Friday, January 18th, 2013
Veronese’s Foreign Soldiers
This quarter I am teaching a course on Counter-Reformation art. Before we reach the Baroque period, we are spending some time discussing Late Mannerist painters who were affected by the reformations taking place in the Catholic Church at the end of the 16th century. One such painter was Veronese, who was called before the Inquisition Tribunal in Venice to discuss the subject matter of his painting for the refectory of the Dominican monastery of Saints Giovanni e Paolo. This painting was originally called a depiction of the Last Supper, although there is some confusion as to whether this was supposed to be a depiction of Feast in the House of Simon.1 Nonetheless, the subject matter was considered to be offensive. The offensive subject matter included a buffoon (a dwarf dressed as a jester), foreign German soldiers, turbaned-foreigners, a man with a bloody nose, mangy dogs, and a man picking his teeth. Such subjects were not found to be appropriate in a depiction of Christ’s Last Supper!
You can read a transcript of the Inquisitor’s question and Veronese’s responses on this .PDF file. This record of the interrogation was only discovered in 1867 when Armand Baschet happened upon this information in some archives.2 Before this point, we didn’t know that Veronese was called before the Inquisition Tribunal. We also don’t have a records for the contract for this commission, which also hinders our complete understanding of this piece. And, unfortunately, we’re not quite sure who complained about the painting so that Veronese was brought before the Inquisition tribunal. Personally, I think that it must have been someone at the monastery itself.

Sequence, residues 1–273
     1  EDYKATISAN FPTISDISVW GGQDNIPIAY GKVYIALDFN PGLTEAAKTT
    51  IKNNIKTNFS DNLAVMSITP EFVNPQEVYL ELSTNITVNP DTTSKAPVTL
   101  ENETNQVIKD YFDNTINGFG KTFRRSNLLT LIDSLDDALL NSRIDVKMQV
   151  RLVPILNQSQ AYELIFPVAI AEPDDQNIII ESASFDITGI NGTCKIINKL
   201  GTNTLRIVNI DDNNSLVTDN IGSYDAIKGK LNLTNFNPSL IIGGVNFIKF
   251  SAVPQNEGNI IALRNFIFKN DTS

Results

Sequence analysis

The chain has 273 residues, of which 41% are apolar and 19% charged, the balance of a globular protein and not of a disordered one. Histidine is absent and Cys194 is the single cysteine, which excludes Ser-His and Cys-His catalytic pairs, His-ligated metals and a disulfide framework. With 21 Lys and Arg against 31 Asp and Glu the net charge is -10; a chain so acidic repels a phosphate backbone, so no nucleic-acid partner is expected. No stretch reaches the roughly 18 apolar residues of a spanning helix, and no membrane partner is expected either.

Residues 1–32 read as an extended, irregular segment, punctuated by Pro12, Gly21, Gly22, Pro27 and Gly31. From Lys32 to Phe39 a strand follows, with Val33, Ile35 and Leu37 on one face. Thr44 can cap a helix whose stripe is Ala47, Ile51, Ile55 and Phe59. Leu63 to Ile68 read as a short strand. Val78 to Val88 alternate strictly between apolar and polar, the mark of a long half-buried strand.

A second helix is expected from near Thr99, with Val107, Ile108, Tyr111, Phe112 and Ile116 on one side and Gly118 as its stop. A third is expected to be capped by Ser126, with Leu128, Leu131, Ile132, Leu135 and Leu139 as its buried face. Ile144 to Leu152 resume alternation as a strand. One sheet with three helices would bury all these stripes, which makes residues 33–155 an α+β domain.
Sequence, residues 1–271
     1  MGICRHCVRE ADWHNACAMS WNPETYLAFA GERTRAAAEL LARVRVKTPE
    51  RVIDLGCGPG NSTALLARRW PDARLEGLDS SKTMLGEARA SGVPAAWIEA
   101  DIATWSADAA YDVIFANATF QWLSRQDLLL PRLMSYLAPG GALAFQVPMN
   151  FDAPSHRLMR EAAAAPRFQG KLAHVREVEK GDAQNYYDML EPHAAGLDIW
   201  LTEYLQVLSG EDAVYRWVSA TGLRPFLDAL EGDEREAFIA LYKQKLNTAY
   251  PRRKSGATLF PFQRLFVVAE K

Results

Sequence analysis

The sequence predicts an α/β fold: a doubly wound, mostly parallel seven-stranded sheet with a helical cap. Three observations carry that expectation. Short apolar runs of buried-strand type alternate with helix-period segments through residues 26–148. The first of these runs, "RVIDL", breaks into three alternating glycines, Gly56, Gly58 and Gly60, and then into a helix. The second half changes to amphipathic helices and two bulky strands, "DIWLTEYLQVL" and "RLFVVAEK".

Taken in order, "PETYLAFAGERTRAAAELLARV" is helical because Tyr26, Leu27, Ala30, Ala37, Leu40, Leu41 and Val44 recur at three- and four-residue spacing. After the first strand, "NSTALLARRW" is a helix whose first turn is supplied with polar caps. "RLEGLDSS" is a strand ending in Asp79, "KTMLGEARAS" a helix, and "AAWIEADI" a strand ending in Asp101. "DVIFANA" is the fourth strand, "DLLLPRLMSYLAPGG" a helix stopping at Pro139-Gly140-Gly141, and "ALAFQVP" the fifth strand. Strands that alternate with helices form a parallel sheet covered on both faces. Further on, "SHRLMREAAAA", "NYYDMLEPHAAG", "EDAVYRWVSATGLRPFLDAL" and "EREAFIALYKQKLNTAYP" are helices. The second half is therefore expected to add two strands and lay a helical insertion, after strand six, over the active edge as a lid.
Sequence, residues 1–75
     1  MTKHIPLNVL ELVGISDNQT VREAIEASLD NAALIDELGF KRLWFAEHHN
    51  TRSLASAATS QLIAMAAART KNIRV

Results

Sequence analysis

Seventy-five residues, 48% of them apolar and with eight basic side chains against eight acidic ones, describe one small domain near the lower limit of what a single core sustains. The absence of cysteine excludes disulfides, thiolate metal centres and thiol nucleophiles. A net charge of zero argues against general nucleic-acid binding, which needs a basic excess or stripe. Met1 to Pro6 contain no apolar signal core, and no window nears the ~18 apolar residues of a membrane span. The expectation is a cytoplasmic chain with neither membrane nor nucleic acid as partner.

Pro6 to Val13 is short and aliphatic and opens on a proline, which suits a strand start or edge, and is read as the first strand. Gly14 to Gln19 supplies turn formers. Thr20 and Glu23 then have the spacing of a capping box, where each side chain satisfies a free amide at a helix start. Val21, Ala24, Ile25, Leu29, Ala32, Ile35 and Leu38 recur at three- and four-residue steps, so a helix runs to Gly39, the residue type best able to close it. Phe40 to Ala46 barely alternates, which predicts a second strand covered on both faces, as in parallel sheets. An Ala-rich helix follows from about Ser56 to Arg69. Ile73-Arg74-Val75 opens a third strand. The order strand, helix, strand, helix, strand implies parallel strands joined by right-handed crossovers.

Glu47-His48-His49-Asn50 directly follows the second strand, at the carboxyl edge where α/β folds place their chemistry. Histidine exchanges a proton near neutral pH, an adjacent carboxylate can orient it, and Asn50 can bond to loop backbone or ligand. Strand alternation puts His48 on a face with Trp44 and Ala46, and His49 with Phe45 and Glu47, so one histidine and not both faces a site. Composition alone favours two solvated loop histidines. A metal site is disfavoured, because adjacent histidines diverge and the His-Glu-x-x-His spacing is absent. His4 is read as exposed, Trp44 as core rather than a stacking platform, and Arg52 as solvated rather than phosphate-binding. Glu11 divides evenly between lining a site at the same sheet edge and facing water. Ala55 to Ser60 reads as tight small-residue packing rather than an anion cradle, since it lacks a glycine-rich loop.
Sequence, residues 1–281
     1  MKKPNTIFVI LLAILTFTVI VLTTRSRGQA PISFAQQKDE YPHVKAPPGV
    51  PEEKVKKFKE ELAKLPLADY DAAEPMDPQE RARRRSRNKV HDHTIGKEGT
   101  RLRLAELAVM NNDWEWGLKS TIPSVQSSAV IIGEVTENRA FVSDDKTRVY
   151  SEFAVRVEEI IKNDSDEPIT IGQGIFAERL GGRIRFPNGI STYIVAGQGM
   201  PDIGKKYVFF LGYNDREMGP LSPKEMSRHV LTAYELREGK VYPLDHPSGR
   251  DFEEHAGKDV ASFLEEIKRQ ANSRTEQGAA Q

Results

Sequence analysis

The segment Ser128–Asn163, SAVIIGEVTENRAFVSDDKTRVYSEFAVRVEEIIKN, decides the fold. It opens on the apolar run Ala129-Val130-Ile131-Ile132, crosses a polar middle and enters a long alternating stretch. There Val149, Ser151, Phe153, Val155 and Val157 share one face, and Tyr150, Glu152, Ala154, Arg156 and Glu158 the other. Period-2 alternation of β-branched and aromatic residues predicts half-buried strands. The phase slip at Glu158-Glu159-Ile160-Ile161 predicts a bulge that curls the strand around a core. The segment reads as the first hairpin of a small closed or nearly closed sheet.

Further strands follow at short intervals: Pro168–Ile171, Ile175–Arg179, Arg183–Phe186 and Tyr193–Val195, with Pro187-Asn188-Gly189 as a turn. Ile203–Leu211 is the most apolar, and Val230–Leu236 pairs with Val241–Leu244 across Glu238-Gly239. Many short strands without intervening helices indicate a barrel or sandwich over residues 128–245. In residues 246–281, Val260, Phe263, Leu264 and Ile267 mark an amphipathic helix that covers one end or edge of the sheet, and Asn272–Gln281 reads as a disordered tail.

I can understand why foreign soldiers would be offensive on a basic level, since such secular figures (particularly ones who are drinking) are not mentioned in the biblical account of Christ’s Last Supper (or the House of Simon, for that matter). However, I think that this topic should be considered in a little bit more depth. Up until now, I haven’t seen anyone make specific connections between these German soldiers and the Swiss soldiers which were lodged at the monastery just a few years before Veronese’s painting was completed.
The inclusion of soldiers may have also been especially offensive to the Dominicans, not only because of their secular nature but also the monastery’s recent history with foreign soldiers. Between the end of December 1570 and February 1571, a fire broke out at the monastery which had been set by foreign soldiers. These Swiss soldiers had offered their services to Venetian authorities, but they were not immediately put into service (because the Venetians were worried that they would be accused of fraternizing with heretics). These unpaid, discontent soldiers were lodged at the monastery, and finally expressed their frustration through the fire.3